Because the downhill bike is not carrying speed as well as a solidly built, shorter travel bike would, the rider is forced to work hard to find that extra momentum, throwing down as many pedal strokes as possible, while those on smaller bikes coast and look for backsides to pump. Extra pedal strokes do more than just sap a riders strength, though, with the chance of a disastrous pedal strike increased thanks to a modern downhill bike's relatively low bottom bracket height combined with its 3'' of sag. In other words, a rider on a downhill bike has to work harder to find speed, but the harder that he or she works, the more likely they are to get bitch slapped by the ground after clipping a pedal.
And jumping? Sure, you can get away with casing a gap so hard that you render the rear wheel of your DH bike unusable, only to roll away laughing about it, but did you ever think that maybe you cased the jump because
of the downhill bike? We've all been there... Knowing we should have listened to the voices telling us to hit the brakes rather than trying to sprint a bike that feels as if it has been wholly designed to sap nearly all of the paltry horsepower that our legs put out. Then again, you might have made it over the chasm if you didn't have to pull up through the bike's doughy negative travel. Again, I'd wager that most of these jumps are not large enough to require the full-on DH bike that forced the rider to either walk or shuttle up the hill to access them in the first place.
Hardtails on Hard Trails
Why Short Travel?
A short travel bike is both more difficult to ride and harder on the body, so why would someone, especially a rider whose bike spends more time on a chairlift or in the back of a pick-up truck than it does pointing up a hill, choose to ride one? It's how these less-forgiving bikes react to the terrain and, much more importantly, respond to rider input, that makes them so enjoyable. For example, a downhill bike, simply because of the traction provided by its slack geometry, can often require a hard stab of the rear brake to square off a corner or make an abrupt line change, whereas a trail bike might only request that you lighten its rear end and commit to the line. Sure it might be easier (read: require less skill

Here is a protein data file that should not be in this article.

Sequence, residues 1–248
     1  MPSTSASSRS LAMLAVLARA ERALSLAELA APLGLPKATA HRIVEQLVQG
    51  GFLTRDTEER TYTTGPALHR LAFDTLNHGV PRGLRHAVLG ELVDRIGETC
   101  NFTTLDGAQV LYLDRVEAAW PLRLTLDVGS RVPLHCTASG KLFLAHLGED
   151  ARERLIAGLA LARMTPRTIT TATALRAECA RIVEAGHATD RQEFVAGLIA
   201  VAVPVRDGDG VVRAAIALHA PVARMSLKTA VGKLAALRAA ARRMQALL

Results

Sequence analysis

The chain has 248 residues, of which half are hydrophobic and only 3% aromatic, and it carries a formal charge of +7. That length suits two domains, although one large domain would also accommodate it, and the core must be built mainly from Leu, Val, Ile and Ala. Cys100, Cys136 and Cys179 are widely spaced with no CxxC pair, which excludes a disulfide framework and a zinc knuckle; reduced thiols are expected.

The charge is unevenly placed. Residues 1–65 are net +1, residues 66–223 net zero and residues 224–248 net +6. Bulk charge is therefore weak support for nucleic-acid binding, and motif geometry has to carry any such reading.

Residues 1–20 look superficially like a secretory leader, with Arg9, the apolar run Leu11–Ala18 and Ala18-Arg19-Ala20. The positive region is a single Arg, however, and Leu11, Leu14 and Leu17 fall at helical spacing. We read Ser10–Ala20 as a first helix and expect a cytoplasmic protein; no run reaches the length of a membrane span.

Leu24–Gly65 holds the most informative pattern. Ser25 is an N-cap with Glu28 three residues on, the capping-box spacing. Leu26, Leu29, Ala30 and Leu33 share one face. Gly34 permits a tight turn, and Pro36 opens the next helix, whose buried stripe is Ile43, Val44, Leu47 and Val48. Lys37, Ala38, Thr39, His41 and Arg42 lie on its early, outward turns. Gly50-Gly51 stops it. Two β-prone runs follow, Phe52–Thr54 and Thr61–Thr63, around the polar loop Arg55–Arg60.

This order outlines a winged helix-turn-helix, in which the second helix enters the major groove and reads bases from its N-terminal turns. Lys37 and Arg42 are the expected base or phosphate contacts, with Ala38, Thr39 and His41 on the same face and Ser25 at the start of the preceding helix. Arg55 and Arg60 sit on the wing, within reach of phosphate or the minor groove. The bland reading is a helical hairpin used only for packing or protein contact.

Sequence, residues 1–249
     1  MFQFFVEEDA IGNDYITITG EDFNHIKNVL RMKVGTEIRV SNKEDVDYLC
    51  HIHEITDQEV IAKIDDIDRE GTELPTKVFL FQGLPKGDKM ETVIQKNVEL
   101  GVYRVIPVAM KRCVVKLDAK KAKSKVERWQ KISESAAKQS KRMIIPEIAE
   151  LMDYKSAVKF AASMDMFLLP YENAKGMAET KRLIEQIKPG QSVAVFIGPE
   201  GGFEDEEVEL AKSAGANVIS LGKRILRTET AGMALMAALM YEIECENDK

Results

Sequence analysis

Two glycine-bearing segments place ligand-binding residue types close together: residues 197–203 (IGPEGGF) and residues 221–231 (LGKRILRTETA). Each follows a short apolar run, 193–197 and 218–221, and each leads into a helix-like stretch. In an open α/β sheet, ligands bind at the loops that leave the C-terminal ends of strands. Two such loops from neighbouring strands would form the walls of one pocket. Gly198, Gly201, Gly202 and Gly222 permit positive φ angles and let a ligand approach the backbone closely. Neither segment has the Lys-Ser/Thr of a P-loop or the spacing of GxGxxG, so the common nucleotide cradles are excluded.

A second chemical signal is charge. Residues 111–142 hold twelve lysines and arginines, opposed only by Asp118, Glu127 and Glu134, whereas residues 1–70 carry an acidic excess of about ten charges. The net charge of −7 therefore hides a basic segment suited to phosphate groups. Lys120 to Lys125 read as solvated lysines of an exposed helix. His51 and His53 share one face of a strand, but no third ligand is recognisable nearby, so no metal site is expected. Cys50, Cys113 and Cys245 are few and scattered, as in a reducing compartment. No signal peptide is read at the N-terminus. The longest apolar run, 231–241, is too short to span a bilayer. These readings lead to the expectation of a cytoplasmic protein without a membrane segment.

) to get the job done on the downhill rig, but nailing a formidable line on a little bike is infinitely more rewarding than the same move on a forgiving DH sled.
The same can be said of nearly any scenario you might encounter on the mountain, from the drop or jump with the sniper landing that will punish a short travel bike and its rider, to the fast and chundery sections of the trail that force you to pick the optimum line instead of simply leaning back and letting a downhill bike do the work for you. It's when you master finer inputs and the sharper handling of your steed that things come together to create an experience that is hard to equal aboard anything else. Proper line choice is key when on a short travel bike, especially when conditions are tricky. The reward is worth the risk in my book.
With their unparalleled ability to carry immense speed on truly challenging terrain, downhill bikes are fearsome ground coverers when they are called for. That speed is one of the main reasons that we take part in this sport, isn’t it? I'm not convinced, and I'd argue to my grave that it isn't actually the out-and-out speed that makes a ride memorable, but the smaller moments that stand out. Nailing that move, big or small, and setting the bike down right at the top of the transition. That long manual through the trees on a foot-wide piece of singletrack. It's pulling Gs through a set of linking berms. It's the rear end breaking loose on that one tricky corner, throwing up a brown spray that you can see behind you out of the corner of your eye. All of these moments can happen more easily, and more often on a shorter travel bike because they use geometry that allows entry and expert level riders (that's 98% of us, by the way
) to smash berms with ease, run smaller volume and less forgiving tires that break loose with less effort, and can usually brag about being light enough to allow a rider to really throw it around.
Don't get me wrong; there are many places and trails where a downhill bike is not only a blast to ride, but also the key to survival. The problem is that more often than not these bikes are being ridden on trails that don't require that level of forgiveness, and the riders aboard them have somehow convinced themselves that the opposite is true. The reality is that while some of you may go slightly slower on a shorter travel bike, I can almost guarantee that you'll have more fun.
Chromag's Jinya Nishiwaki enjoys the fruits of riding a hardtail on Whistler's technical terrain.